Hopefully my good health will last for at least one more year when I turn 65.

    God spare me the Heart to fight them... I'll fight the Pirates forever. -Mother Jones

    by JayRaye on Mon Jun 16, 2014 at 04:24:37 PM PDT

    •  Yes (12+ / 0-)
      It was meant to pacify us so that we would all shut the fuck up about single payer.
    •  Crappy health insurance.... (15+ / 0-)

      ...A mandate to buy it and the inability to negotiate drug prices, guaranteeing we'll still pay 10 times the cost for our prescriptions than do Canadians into the foreseeable future. Yeah! We Liberals really showed 'em....Any more victories like that and we'll be third world.

      "Given the choice between a Republican and someone who acts like a Republican, people will vote for a real Republican every time." Harry Truman

      by MargaretPOA on Mon Jun 16, 2014 at 05:15:24 PM PDT

      [ Parent ]

    •  I think you can go see a doctor (5+ / 0-)

      and preventive care, almost all of it, is FREE. As in it doesn't count toward your deductible and you won't get charged for it.

      •  I haven't seen a doctor in eleven years (3+ / 0-)

        and I'm in better health, and have more energy than many people I know 20 years younger.

        so, just perhaps, I've been doing a few things right for lo these many years.

        God spare me the Heart to fight them... I'll fight the Pirates forever. -Mother Jones

        by JayRaye on Mon Jun 16, 2014 at 07:17:03 PM PDT

        [ Parent ]

      •  Which still means "Don't get sick" (6+ / 0-)

        because, for example, getting my cancer diagnosed and treated still cost me $10,500 out of pocket. But without the cancer forcing me to max out on the out of pocket expense, I couldn't afford to get my knee problem looked at, so I bought an ACE bandage and worked out instead of getting diagnosis, imaging and physical therapy, or maybe even surgery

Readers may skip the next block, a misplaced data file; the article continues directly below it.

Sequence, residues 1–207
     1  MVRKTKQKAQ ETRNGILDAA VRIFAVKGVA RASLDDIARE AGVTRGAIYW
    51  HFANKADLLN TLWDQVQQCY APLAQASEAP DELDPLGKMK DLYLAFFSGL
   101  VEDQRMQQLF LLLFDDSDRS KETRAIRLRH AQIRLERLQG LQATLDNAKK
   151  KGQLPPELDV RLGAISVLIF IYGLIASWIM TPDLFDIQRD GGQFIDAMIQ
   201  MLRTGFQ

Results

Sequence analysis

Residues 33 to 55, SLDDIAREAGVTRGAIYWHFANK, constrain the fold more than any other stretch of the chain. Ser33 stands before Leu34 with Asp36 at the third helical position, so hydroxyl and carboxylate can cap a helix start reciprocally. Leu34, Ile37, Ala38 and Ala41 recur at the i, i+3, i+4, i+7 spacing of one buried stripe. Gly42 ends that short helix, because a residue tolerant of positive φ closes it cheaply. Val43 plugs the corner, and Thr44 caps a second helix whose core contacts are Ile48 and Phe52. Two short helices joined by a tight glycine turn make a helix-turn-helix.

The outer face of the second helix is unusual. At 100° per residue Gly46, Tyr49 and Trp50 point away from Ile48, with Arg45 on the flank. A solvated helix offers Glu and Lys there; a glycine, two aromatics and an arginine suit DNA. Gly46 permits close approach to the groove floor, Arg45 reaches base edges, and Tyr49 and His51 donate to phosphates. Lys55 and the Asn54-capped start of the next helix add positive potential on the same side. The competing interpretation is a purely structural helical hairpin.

And if your free colonoscopy finds something (and a lot of them do) you still may have to pay $500 to $1000 for a pathology report.. And then decide whether you can afford to pay for treating something negative the colonoscopy found.

        No matter how cynical you become, it's never enough to keep up - Lily Tomlin

        by badger on Mon Jun 16, 2014 at 09:41:56 PM PDT

        [ Parent ]

    •  And the greatest achievement of the Democratic ... (3+ / 0-)

      And the greatest achievement of the Democratic Party in the last 70 years ... started out as a Republican proposal.

      Tells you all you need to know.

    •  I've always had "Don't Get Sick" insurance, too... (1+ / 0-)
      Recommended by:

      I've always had "Don't Get Sick" insurance, too.

      I was pushed out of insurance several years ago when they wanted 53% of my income plus a $5000 deductible. The math didn't work well. The silver plan on the Exchange from Anthem looked great- low deductible that I could afford, my share of the premium (total as high as ever) was affordable. But it was still "Don't Get Sick" insurance because the more than 250,000 people in seven counties served by our regional hospital were stuck in "out of network" hell. The hospital and doctors were really available only in case of emergency (when hopefully the insurance would pay as for in network, but I didn't want to be the guinea pig to test that theory after seeing how Celtic cherry picked its way through bills on my old "100% coverage past the deductible" policy that was absolutely not). Anthem has other policies that are comparable that have everybody in my region in-network. They do not need to save money on the Exchange customers- they get guaranteed payment of the bulk of their obscene premiums, and lower deductibles and co-pays are all subsidized by the Feds (as confirmed by Anthem when I asked why they were so much different). They narrowed the network for those of us on the exchange because they could. We didn't have other options, they were the only choice and we obviously needed the subsidies. They are thieves, stealing from the US government on a grand scale.